This is a very interesting and important paper.  I have long been frustrated by the lack of a good paleo record of sea ice extent over the past several thousand years.  The reason is that the signature of sea ice is not obvious or unambiguous in the various paleo proxy records.  The driftwood on the coast of Greenland is an interesting proxy for sea ice extent.

Thawing Permafrost

Some alarming news from Joe Romm:  “NSIDC bombshell: Thawing permafrost feedback will turn Arctic from carbon sink to source in the 2020’s, releasing 100 billion tons of carbon by 2100.”   The post refers to the following paper:

Amount and timing of permafrost carbon release in response to climate warming

K. Schaefer, T. Zhang, L Bruhwiler, A. Barrett

Abstract. The thaw and release of carbon currently frozen in permafrost will increase atmospheric CO2 concentrations and amplify surface warming to initiate a positive permafrost carbon feedback (PCF) on climate. We use surface weather from three global climate models based on the moderate warming, A1B Intergovernmental Panel on Climate Change emissions scenario and the SiBCASA land surface model to estimate the strength and timing of the PCF and associated uncertainty. By 2200, we predict a 29–59% decrease in permafrost area and a 53–97 cm increase in active layer thickness. By 2200, the PCF strength in terms of cumulative permafrost carbon flux to the atmosphere is 190 ± 64 Gt C. This estimate may be low because it does not account for amplified surface warming due to the PCF itself and excludes some discontinuous permafrost regions where SiBCASA did not simulate permafrost. We predict that the PCF will change the arctic from a carbon sink to a source after the mid-2020s and is strong enough to cancel 42–88% of the total global land sink. The thaw and decay of permafrost carbon is irreversible and accounting for the PCF will require larger reductions in fossil fuel emissions to reach a target atmospheric CO2 concentration.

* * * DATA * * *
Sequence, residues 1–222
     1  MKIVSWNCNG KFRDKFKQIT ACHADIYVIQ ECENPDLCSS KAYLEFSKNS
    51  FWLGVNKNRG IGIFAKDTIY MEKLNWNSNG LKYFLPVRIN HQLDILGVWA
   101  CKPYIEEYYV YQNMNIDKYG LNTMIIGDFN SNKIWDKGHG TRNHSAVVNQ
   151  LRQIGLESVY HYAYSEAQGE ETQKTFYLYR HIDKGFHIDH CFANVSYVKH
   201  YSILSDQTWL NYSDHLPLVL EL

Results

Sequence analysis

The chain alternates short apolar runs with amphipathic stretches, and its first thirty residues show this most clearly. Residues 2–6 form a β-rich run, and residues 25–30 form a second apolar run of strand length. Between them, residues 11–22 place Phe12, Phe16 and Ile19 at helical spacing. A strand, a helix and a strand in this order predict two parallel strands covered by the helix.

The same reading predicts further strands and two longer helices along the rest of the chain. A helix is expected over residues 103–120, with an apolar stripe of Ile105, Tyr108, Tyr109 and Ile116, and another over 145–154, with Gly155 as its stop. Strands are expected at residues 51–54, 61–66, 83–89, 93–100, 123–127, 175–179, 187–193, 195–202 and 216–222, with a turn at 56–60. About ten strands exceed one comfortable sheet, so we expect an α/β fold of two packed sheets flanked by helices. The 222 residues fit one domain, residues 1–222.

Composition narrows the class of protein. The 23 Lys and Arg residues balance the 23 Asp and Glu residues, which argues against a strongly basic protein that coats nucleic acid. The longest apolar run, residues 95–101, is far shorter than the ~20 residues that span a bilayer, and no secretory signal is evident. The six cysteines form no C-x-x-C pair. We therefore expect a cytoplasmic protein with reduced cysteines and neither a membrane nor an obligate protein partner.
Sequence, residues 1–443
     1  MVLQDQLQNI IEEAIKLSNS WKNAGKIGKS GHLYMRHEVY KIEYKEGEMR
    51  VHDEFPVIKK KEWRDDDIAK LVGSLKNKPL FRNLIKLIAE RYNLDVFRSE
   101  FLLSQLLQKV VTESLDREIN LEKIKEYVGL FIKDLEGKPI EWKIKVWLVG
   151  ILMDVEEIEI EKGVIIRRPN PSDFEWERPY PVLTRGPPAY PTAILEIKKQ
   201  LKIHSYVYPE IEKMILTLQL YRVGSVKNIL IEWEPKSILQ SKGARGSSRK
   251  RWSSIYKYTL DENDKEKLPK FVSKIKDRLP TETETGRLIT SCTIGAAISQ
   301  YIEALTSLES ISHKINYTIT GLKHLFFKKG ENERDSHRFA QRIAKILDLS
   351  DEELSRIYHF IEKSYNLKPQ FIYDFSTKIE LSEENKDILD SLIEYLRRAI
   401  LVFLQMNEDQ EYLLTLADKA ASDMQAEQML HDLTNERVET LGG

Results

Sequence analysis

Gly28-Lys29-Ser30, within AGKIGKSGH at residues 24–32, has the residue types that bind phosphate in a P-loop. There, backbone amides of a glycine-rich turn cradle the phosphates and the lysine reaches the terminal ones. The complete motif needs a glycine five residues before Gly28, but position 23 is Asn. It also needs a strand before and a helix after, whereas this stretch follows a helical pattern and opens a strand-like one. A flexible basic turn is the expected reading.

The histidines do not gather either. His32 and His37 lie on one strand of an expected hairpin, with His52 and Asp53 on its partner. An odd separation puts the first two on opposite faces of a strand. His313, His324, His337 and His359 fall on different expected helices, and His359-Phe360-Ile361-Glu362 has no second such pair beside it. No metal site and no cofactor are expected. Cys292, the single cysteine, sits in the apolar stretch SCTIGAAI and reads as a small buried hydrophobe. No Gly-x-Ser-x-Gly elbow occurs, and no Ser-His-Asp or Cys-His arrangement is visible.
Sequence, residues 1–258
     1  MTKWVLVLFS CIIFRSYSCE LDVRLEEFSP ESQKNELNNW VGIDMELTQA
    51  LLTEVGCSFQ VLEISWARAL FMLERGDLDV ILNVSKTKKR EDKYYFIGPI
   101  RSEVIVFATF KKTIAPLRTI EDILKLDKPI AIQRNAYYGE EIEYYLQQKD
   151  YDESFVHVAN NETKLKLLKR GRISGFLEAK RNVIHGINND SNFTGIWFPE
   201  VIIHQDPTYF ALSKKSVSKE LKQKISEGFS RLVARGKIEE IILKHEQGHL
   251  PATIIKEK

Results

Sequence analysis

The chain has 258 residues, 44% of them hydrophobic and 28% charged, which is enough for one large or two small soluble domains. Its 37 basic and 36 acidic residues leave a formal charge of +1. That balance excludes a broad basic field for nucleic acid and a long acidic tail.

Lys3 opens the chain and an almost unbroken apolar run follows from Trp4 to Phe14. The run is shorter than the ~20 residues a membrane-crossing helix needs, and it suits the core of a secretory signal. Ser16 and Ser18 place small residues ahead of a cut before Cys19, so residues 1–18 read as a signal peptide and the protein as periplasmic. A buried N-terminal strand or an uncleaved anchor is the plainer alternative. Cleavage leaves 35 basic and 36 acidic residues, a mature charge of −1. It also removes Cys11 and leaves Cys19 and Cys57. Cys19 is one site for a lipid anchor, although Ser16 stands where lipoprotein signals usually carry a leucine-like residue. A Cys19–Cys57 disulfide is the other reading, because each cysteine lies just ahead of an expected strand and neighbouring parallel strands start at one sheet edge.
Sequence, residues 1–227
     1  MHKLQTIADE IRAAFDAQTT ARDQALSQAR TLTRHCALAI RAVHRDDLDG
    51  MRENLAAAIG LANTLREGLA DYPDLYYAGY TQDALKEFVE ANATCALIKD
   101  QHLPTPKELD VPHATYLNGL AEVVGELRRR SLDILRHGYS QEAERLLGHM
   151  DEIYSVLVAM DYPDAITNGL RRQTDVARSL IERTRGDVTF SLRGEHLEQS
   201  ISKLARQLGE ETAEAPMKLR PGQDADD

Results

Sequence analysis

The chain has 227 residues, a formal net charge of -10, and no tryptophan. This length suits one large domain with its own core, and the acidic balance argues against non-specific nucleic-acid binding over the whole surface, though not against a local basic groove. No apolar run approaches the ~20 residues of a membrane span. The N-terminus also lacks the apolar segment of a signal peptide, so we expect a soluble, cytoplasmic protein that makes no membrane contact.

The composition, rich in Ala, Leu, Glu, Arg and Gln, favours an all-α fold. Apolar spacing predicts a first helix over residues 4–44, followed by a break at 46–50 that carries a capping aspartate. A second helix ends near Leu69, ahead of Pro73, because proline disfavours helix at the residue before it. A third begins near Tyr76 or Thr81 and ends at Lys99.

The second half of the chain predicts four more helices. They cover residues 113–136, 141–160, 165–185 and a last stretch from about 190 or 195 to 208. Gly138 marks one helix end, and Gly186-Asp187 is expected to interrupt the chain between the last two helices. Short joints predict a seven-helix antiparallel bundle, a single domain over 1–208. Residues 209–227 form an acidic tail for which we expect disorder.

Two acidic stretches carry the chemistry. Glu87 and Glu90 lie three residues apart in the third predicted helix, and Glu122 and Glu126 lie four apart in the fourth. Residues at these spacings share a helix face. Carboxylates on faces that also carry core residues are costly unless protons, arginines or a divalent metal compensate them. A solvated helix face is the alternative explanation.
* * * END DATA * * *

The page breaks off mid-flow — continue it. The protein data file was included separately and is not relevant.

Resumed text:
Well, permafrost and its feedback with climate change is a known unknown, and after this paper, I would say it is still a known unknown.  I’m not dismissing the paper at all (I haven’t read it), plus permafrost thawing is one of the genuine possible tipping points associated with AGW.  But given the assumptions in the paper apparent from the abstract, I don’t see anything here to justify Romm’s alarm.

Moderation note:  This is a technical thread that will be moderated for relevance. A companion thread “Arctic Imperative” (forthcoming tonite) will provide a forum for discussion of socioeconomic, policy, and political issues in the Arctic.


148 responses to “Arctic update